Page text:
Pintail Longboards – Advantages and Disadvantages


A pintail longboard is a longboard design that is quite popular with beginners. The pintail name is given to a board that sweeps toward a single ‘pin point’ at the tail. It is a classical longboard shape that has been around since the beginning of the sport.

What Are the Benefits of a Pintail Longboard

The pintail shape is popular with beginners for two main reasons: stability and cost. Their wheelbase is very long, and therefore very stable. For learning how to push and cruise, a pintail is optimal. Its potential beyond that is quite limited, but for people only wanting a board to commute on, it is a comfortable and suitable design.

Pintails are much cheaper designs to create due to their simplicity and commonality. Any design that is made en masse will be cheaper to produce from a cost-effectiveness perspective. A pintail does not contain any form of bell or whistle like other shapes of longboards might, and is therefore easy to make.

Other benefits include the complete immunity to wheelbite. Any set up will do with a pintail longboard, as the narrow end will not bite with any truck and wheel combination.

The Downsides of a Pintail Longboard

The longer wheelbase (distance between the trucks) on a pintail design will result in less ‘twitchiness’ and more stability. Freestyle tricks are much harder with a pintail design owing to the lack of kicks, and sliding is arguably more difficult too.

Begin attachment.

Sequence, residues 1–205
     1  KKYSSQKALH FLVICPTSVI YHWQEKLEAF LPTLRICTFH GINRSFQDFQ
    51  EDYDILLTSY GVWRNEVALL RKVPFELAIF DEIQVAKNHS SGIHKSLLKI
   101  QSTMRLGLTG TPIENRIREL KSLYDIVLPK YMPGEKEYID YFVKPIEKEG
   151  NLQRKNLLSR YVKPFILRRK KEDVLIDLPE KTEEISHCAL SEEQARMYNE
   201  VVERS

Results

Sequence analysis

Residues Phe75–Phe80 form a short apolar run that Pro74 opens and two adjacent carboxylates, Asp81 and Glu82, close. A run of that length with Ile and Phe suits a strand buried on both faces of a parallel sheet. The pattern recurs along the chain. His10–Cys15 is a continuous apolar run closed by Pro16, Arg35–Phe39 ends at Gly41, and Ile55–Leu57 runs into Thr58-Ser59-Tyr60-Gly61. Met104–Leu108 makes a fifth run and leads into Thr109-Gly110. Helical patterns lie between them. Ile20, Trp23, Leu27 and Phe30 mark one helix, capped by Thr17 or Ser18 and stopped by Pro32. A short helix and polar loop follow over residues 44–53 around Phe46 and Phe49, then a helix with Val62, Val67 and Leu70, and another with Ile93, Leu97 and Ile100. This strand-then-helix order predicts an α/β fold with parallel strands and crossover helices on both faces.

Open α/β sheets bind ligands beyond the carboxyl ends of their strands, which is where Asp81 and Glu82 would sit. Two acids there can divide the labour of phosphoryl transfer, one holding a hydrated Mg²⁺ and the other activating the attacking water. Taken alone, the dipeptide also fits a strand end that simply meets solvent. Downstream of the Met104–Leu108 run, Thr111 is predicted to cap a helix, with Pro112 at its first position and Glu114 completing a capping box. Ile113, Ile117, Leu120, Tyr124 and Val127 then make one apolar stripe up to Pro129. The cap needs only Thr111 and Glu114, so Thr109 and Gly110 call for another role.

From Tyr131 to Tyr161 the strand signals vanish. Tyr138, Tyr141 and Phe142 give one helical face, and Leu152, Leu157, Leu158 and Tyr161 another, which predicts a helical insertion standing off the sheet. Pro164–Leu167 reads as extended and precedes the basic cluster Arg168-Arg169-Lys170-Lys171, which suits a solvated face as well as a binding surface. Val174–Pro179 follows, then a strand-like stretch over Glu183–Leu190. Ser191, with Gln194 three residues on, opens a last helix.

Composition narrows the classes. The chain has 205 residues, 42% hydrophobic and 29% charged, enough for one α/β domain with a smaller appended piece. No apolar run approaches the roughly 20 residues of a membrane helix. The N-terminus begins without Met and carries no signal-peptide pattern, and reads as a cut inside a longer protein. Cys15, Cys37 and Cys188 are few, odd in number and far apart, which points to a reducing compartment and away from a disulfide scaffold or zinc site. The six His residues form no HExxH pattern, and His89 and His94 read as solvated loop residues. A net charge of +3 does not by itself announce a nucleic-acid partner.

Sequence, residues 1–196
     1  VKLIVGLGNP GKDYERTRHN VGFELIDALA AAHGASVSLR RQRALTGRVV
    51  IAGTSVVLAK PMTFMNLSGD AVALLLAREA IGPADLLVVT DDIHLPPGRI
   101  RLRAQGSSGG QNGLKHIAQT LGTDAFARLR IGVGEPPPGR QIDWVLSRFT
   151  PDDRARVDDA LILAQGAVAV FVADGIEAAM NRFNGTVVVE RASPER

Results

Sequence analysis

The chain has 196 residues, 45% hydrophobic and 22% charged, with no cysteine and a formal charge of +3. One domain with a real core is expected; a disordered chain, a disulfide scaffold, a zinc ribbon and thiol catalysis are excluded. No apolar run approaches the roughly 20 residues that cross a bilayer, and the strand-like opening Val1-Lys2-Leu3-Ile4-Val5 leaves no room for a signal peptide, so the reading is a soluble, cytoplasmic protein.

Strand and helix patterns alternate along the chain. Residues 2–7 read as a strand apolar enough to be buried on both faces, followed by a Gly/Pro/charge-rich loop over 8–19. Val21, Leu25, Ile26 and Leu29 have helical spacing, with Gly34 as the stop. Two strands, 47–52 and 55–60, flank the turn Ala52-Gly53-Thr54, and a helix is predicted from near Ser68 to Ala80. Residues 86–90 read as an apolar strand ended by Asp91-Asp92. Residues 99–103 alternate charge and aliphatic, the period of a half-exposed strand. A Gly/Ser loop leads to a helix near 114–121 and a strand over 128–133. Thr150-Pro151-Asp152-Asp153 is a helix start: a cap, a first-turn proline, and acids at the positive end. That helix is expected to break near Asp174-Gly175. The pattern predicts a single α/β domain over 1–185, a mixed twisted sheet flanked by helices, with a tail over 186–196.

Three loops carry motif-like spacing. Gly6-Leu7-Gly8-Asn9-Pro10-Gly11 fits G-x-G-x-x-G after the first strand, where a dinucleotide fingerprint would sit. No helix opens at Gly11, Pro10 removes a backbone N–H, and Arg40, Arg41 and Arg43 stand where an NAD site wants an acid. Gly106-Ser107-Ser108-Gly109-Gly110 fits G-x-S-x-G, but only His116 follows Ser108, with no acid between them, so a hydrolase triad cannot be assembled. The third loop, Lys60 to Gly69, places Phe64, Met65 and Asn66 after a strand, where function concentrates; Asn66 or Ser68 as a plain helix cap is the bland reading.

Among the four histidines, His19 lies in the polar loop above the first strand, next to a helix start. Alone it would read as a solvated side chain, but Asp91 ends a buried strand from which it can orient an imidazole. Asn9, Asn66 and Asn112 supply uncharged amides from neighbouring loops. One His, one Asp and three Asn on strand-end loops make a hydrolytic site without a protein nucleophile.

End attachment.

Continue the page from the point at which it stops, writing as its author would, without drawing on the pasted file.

Pintails longboards are obviously not bi-directional. Any type of 180 degree maneuver, such as a coleman, will result in you riding the wrong way. Not all decks are bi-directional anyway, but a pintail certainly doesn’t disguise that its intended for riding one way only.

Pintail Longboard Recommendations

Motion Bigfish

Subsonic Dart

Fibreflex Pintail

Or whatever feels right to you. There’s not much fancy design work going on with pintails, so get whatever suits your stance/height/weight/preferences.


Pintails are superb beginner longboards due to their affordability and stability. You can save $100 buying a pintail design, and they will be forgiving while you learn the basics of skating. After you have that mastered, if you want to get a bit more dynamic with your longboarding you may need to buy a different board. Whilst exceedingly comfortable for cruising, most pintail longboards aren’t stiff enough for downhill, are too long to slide really well and difficult to trick. If you have no aspirations of doing any of the above, then a pintail longboard design comes recommended for beginners.


Source by Lawrie Blood

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